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Hand Therapy Overview

A General Overview of Hand Therapy

General consensus among experts tells us that next to  vision, touch is the body’s most used sense. To put it into perspective, let’s recall the “Little man” in our head, also referred to as homunculus of the cortex. The hand alone occupies approximately 1/3 of brain real estate on the motor side, and approximately 1/4 of sensory real estate.

Significant dysfunction in seemingly simple tasks becomes apparent when we injure our hand. The more we use our hands, the likelihood of injury increases as
well. Overuse and repetitive injuries are among the most common sources of hand injuries reported. Diagnoses like Carpal Tunnel Syndrome, De Quervain’s Tenosynovitis, Scaphoid-Lunate Interval sprain, Distal radial fracture, Osteoarthritis, and Trigger Finger are just a few of the many commonly diagnosed hand injuries. The purpose of this article is fourfold and as follows:

  1. Identify the benefits of hand therapy
  2. Understand when it may be appropriate to refer to a hand therapist
  3. Get a feel for what to expect during treatment
  4. Expected outcomes for commonly diagnosed hand injuries

Hand Therapy – Purpose and Benefits

Hand therapy, at its core, focuses on assessing and treating injuries to the hand, wrist, elbow, shoulder, and cervical regions of the body. Providing truly skilled  therapy requires a keen understanding in hand therapy principles and a specialty focus on the hand.

Assessment tools, like the DASH, and COPM are gold standards in identifying and evaluating what patient goals are, identifying the focus that is required, as well as identify the severity hand injuries affect a person’s performance in everyday tasks. Other evaluation tools include goniometric, circumferential, volumetric, sensory and strength measurements. With this data the hand therapist and patient collaborate on establishing meaningful goals to assist the patient back to full participation in everyday activities.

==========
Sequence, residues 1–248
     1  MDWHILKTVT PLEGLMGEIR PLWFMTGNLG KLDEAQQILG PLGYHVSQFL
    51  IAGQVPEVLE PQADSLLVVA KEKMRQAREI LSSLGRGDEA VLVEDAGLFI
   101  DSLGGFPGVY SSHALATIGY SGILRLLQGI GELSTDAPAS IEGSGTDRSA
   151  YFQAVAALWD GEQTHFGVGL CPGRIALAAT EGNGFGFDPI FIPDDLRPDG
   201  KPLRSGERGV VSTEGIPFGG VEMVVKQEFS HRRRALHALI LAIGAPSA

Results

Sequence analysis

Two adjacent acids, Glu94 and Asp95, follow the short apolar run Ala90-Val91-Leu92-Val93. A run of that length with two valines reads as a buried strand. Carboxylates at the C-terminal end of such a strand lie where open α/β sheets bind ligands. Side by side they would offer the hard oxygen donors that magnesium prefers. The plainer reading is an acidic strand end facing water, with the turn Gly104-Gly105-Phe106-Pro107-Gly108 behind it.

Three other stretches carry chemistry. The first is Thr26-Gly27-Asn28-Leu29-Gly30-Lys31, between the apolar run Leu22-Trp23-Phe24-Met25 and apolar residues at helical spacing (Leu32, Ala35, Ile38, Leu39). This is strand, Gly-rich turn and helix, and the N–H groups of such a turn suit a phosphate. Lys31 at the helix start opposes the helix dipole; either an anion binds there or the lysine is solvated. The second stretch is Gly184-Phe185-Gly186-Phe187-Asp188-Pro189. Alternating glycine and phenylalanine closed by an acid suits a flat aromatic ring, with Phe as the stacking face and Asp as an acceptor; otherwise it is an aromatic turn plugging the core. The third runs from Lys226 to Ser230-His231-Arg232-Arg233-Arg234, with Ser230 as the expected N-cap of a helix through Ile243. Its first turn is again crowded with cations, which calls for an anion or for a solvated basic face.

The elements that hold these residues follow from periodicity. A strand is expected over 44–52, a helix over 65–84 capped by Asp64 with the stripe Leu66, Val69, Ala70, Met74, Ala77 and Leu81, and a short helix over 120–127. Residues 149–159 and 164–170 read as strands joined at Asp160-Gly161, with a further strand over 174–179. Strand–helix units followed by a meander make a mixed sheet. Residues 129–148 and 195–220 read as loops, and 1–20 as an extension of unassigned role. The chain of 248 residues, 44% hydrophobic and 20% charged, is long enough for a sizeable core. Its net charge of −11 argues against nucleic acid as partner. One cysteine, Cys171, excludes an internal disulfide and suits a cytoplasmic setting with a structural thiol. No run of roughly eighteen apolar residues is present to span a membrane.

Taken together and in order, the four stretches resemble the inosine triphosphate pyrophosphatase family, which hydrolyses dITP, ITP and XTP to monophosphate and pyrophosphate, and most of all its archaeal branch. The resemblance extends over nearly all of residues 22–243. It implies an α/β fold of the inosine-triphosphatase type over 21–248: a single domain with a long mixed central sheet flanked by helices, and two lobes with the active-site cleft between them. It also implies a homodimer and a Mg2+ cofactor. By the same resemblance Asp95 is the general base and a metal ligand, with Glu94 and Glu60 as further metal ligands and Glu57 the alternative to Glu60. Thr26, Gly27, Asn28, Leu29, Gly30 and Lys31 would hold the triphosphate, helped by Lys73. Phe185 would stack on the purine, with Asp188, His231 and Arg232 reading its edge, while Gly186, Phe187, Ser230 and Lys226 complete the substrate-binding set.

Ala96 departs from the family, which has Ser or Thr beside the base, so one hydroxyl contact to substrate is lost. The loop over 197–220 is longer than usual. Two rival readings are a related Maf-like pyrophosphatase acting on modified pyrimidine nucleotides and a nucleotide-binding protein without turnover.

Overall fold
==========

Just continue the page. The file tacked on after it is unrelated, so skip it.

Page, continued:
Hand Therapy Referral

Patients who are ideal candidates for hand therapy may be affected by 2 main categories of dysfunction.

  1. ACUTE TRAUMA- in this instance the patient may develop wounds, scars, burns,
    injured tendons or nerves, fractures, or even amputations of the fingers, hands or arms.
  2. CHRONIC – this category includes patients who are dealing with progressive wear and tear conditions such as carpal tunnel syndrome, lateral epicondylosis (tennis elbow), tendonopathies, arthritis or neurologic conditions (i.e. stroke).

In addition to 27 bones that make up the hand skeleton, the hand is comprised of a
distinct meshwork of ligaments, tendons, muscles, nerves and blood supply. A hand
therapist must understand unique anatomical landmarks, like the extensor hood,  A1-5 pulleys, palmar aponeurosis, as well as understanding intrinsic versus extrinsic muscles and forces that act on the hand. Daniel Aldama MOTR/L is our designated specialist in the intricacies of the hand and he holds the unique intersection of talent and passion in this department.

Hand Therapy – What to Expect